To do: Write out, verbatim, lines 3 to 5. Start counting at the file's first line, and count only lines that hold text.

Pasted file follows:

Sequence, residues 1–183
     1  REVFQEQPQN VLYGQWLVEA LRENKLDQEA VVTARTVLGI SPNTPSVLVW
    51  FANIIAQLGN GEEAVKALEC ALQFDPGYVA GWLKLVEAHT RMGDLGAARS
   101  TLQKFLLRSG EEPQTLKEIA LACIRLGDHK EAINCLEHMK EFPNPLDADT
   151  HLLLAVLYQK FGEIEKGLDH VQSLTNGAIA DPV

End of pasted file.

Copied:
    51  FANIIAQLGN GEEAVKALEC ALQFDPGYVA GWLKLVEAHT RMGDLGAARS
   101  TLQKFLLRSG EEPQTLKEIA LACIRLGDHK EAINCLEHMK EFPNPLDADT
   151  HLLLAVLYQK FGEIEKGLDH VQSLTNGAIA DPV